LOS ANGELES — LOS ANGELES -- Mike McGee, saying he was looking for new challenge, said yesterday that he was stepping down as athletic director at Southern California to take the same job at South Carolina.
No timetable has been set for when McGee will leave the job he has held since 1984, but it is expected to be around the beginning of the year. No replacement has been named and a search committee, headed by former USC quarterback Pat Haden, has been formed.
"South Carolina is a situation where I feel I might be more useful," McGee said. "Not that this is a maintenance job [at USC], but one of the things I loved about being a coach was the creative opportunity it presented. South Carolina fits that description and will be the challenge I need personally."
In addition, the South Carolina job will be a homecoming of sorts for McGee. He attended high school in North Carolina and graduated and coached at Duke in Durham, N.C.
"I have large amounts of family back there and I have roots there," he said. "I haven't had a lot of time to spend with my family back there, so that's part of it. But the biggest reason is the challenge. That gets you going."
McGee inherits a program at South Carolina in much the same shape as the one he came to at USC nine years ago. The football program has had its share of controversy, most recently a player revolt after the team's 0-5 start this season.
McGee had been rumored as a candidate for the South Carolina job for two weeks, but he had denied that, saying that he was serving only as a consultant and was recommending names to the school president. (According to South Carolina school officials, McGee received $20,000 for his work as a consultant, beginning on Nov. 15.)
McGee said that once USC assured itself of having a winning season in football, he stopped being a consultant for South Carolina and became a candidate. McGee said that if the Trojans had finished below .500, he would not have left.
"I would not leave the university in the lurch," he said. "When we were 3-8, if we'd had another losing season, there would have been a lot of decisions that would have had to be made."
McGee, who had to be let out of his contract at USC by school president Steven Sample, has signed a four-year deal at South Carolina worth $120,000 a year, plus an additional $15,000 from athletic department funds. He also will receive an $80,000 relocation loan from a South Carolina booster club.
"He has a lot to be proud of in his eight years here," said Sample in a statement. "He turned around a program that was challenged with unbalanced budgets and NCAA violations. . . . Mike worked hard to create an ethical, financially sound program that enabled young athletes to be successful in the classroom and on the field."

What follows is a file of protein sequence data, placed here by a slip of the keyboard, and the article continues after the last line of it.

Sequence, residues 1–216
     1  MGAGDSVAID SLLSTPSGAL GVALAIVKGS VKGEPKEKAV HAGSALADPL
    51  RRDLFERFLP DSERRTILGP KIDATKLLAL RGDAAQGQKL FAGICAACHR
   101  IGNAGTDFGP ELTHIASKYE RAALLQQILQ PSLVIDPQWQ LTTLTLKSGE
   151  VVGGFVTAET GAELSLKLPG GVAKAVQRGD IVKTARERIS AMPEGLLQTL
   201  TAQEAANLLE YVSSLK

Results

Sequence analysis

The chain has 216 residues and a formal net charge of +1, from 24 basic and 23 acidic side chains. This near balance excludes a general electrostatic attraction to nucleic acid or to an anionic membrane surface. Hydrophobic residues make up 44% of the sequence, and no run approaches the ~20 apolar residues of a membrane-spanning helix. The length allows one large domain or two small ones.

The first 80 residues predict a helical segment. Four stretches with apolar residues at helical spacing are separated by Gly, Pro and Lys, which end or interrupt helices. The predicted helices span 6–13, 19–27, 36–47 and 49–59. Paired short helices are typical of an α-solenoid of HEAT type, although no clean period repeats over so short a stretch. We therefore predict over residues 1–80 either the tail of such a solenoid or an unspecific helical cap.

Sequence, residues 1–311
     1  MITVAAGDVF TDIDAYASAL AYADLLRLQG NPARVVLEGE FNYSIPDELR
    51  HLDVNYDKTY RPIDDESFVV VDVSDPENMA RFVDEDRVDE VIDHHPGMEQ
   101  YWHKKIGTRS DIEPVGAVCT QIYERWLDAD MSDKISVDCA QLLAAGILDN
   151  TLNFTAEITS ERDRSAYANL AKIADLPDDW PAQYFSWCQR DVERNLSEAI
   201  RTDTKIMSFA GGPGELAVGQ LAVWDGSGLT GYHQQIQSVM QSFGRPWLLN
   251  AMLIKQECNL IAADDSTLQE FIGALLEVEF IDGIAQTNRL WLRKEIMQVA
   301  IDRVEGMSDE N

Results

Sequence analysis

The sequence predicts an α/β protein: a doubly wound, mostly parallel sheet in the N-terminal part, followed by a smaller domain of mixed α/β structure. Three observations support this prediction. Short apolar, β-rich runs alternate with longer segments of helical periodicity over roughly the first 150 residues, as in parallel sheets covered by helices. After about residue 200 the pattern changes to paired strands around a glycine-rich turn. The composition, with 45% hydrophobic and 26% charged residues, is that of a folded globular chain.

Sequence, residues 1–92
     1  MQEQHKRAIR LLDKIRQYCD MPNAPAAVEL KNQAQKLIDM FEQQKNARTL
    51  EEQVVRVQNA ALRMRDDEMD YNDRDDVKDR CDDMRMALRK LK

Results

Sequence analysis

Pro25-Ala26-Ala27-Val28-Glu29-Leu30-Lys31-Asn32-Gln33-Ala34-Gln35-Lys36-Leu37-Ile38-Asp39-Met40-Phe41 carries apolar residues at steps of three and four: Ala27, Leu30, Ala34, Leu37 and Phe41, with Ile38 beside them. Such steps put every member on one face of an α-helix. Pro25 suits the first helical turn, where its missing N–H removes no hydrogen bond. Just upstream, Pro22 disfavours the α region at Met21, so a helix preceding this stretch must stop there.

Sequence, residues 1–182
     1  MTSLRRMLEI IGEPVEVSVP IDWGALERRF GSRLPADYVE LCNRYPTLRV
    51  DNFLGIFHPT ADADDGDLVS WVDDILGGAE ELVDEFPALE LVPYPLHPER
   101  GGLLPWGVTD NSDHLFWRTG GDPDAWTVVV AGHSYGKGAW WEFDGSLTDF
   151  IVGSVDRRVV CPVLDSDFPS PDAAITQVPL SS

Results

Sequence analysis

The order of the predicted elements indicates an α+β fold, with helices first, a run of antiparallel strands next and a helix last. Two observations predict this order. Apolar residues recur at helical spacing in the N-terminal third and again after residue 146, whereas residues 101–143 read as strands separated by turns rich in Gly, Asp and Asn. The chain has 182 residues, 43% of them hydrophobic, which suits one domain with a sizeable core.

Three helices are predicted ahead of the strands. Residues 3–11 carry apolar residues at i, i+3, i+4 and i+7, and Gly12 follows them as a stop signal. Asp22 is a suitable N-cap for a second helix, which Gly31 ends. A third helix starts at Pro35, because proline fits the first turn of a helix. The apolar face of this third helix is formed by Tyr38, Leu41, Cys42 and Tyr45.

When McGee came to USC from Cincinnati in 1984, he came to a school that had the threat of the NCAA death penalty hanging over it after a series of football violations in the early 1980s. The Trojans stayed out of trouble and McGee avoided sanctions against the basketball program in the wake of illegal payments being made to Hank Gathers and Bo Kimble by removing Stan Morrison as coach.
Fund-raising was up during McGee's tenure and its graduation rate also rose.
Haden said the search had only just begun and he hadn't even had time to assemble committee members, let alone job candidates.
"I have no guidelines, no number of candidates Dr. Sample wants to consider," Haden said. "I'm hoping to get more guidance because I really want to understand what Dr. Sample has in mind. It's his choice, it's what he wants."
Haden, who said he is not interested in the job, has an idea of what he's looking for.
"In my estimation, we're looking for someone who is credible, who has integrity and is concerned about the student-athlete as an individual and has their interests at heart," he said. "Someone who understands the tradition of USC would help considerably."
McGee said he would provide USC with a list of people to be considered for the job. Among those already in the athletic department, the only candidates would be senior associate athletic director Don Winston and associate athletic director Mike Garrett.
Garrett, the former Heisman Trophy winner, said he would be very interested in the job.
"Obviously," Garrett said. "I was born and raised here. It would be my dream job to be athletic director."
Winston, who was out of town with the USC golf team, was unavailable for comment. Winston is the department's chief fund-raiser.
Until progress is made by the search committee, speculation will be the order of the day for McGee's replacement. One intriguing possibility would be Sam Jankovich, the former Miami athletic director, who now is with the New England Patriots.